The Laurel Highlands are a special place in Pennsylvania. Part of the Allegheny Mountains, the Laurel Highlands stretch from the Conemaugh River south into Maryland. The Laurel Highlands are known for their diversity of plant and animal life, forested mountain ridges, pristine streams, recreational opportunities and scenic beauty.
The significant variety of landscapes in the Laurel Highlands produces a high level of forest community diversity. Lower slopes and coves support rich, mixed forests dominated by tuliptree, red oak, eastern hemlock, sugar maple, American beech, pawpaw and basswood. Sandstone and limestone rock formations embedded within mature forests create micro-habitats relied upon by many plants and animals. Forests high on the plateau and mountain ridges encompass species, rich bogs and other non-riparian wetlands. Intact forests on mountain ridges are also important corridors for migratory birds.
Flowing through the forestlands of the Laurel Highlands are its streams and rivers. Many of the cool, shaded streams in the region are able to maintain their quality because of low levels of human disturbance. Many of these streams are popular recreational resources for anglers.
Along the banks of the Lower Youghiogheny River, including along the lower reaches of major tributaries such as Indian Creek, lies a unique complex of plant communities. Both river-bank and floodplain-dwelling plants exist among the bedrock outcrops, rock shelves, boulder fields, cobbles and gravel bars characteristic of high gradient streams and rivers. Depending on the effects of natural disturbance factors such as flooding and ice scour, these plant communities and species may include sycamore floodplain forests, sycamore scrub and patches of big bluestem and Indian grass. Since 1951, we’ve protected more than 83,000 acres of the Laurel Highlands’ rivers, forestlands, wild areas and scenic ridges.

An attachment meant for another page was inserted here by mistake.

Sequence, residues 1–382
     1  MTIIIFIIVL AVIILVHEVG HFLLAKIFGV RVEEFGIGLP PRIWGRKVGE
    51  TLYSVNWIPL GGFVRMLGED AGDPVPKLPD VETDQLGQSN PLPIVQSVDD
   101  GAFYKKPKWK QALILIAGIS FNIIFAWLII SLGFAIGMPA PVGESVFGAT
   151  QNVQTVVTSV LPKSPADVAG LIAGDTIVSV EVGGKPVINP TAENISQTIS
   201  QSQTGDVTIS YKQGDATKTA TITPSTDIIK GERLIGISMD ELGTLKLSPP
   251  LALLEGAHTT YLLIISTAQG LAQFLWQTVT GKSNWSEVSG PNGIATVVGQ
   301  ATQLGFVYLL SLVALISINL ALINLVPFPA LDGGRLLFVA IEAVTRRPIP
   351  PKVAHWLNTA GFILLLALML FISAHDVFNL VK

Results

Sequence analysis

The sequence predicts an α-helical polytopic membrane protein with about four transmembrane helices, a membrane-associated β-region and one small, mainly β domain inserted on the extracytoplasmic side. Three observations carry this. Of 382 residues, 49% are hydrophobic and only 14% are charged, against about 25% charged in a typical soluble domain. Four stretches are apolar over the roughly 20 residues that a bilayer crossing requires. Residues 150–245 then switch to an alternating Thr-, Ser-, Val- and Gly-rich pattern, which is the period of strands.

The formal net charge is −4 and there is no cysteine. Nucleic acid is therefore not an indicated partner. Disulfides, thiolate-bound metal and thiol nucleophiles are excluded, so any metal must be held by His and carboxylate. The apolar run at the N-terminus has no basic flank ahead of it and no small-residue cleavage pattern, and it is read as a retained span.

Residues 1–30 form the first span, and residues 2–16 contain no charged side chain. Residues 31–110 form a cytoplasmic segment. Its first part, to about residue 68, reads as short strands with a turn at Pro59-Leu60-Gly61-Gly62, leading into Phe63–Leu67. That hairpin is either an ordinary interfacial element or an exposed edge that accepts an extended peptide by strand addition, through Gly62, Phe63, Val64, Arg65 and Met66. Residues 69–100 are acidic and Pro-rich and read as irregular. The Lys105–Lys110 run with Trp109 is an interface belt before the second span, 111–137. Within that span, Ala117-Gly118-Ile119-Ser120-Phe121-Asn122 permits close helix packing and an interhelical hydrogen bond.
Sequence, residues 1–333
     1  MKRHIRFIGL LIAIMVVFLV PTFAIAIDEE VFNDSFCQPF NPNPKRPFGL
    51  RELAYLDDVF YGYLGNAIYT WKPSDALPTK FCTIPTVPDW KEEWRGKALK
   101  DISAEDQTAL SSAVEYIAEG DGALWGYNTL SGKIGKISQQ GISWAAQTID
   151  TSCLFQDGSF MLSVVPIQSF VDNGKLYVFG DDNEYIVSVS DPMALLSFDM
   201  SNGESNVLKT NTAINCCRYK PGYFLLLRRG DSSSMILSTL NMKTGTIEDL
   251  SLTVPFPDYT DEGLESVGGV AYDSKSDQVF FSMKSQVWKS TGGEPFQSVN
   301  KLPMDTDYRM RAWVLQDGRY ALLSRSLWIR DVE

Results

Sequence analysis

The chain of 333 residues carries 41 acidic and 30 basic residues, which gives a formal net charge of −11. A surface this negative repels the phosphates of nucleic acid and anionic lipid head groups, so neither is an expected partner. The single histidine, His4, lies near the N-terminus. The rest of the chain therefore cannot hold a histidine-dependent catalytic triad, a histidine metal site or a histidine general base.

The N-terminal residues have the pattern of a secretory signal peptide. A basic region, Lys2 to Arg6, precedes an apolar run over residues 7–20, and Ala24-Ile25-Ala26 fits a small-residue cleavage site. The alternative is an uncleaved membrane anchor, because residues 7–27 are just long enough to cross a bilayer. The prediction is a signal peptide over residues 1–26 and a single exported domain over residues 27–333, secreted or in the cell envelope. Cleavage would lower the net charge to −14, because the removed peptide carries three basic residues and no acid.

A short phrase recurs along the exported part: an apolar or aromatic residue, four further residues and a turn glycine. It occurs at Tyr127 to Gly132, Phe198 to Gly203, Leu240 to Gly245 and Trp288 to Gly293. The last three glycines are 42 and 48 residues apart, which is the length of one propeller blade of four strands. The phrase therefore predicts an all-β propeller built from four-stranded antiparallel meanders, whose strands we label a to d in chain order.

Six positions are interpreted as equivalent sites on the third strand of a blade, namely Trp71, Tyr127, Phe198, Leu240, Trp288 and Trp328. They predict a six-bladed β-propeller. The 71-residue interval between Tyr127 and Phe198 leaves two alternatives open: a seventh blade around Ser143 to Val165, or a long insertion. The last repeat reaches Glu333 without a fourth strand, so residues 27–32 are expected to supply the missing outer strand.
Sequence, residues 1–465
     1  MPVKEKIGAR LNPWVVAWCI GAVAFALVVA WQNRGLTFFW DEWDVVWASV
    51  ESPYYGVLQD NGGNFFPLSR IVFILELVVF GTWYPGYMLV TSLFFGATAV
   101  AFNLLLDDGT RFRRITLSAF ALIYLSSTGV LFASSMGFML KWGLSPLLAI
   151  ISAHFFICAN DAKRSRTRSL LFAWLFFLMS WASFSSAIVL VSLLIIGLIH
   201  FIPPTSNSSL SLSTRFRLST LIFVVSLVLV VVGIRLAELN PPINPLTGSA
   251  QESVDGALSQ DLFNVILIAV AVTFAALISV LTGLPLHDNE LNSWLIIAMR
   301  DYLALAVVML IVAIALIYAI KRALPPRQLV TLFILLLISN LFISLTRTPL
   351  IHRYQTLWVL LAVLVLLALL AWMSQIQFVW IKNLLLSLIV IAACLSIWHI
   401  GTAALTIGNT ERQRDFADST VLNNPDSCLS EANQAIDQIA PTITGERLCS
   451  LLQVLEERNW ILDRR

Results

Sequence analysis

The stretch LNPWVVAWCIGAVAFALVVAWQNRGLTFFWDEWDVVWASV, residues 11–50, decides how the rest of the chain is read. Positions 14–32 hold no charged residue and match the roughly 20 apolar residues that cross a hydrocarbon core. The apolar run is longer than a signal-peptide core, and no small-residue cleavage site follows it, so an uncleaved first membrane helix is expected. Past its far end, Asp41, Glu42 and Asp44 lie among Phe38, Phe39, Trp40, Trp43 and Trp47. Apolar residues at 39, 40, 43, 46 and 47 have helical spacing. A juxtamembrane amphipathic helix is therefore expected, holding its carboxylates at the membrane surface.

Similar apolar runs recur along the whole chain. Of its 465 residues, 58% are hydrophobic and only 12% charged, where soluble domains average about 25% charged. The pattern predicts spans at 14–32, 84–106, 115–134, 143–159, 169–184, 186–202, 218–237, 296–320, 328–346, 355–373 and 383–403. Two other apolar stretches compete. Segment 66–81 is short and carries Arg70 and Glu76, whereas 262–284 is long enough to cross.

The Ligonier Valley is an important component of our Laurel Highlands priority conservation landscape. Since 1979, we’ve been working to conserve the unique features of this valley. Our Mountain Streams Project has added 9,600 acres of land to Forbes State Forest in the valley, while more than 10,000 acres of private land has been protected through conservation easements. This long history of conservation successes is the result of collaboration and a shared vision between the Conservancy and many landowners in the valley. By using a variety of conservation techniques, the program works with the local community to protect and enhance the unique natural character of the Ligonier Valley and the greater Laurel Highlands region.
Flanked by Chestnut and Laurel Ridges, the valley features two of the Conservancy’s priority watersheds, Tubmill Creek and upper Loyalhanna Creek. The forested ridges provide habitat for several species of special concern whose habitats are being threatened, including Allegheny woodrat and Indiana bat. The forests of the valley provide important corridors for wildlife movement and water quality protection. Our conservation efforts in the valley focus on protecting these ecologically significant features.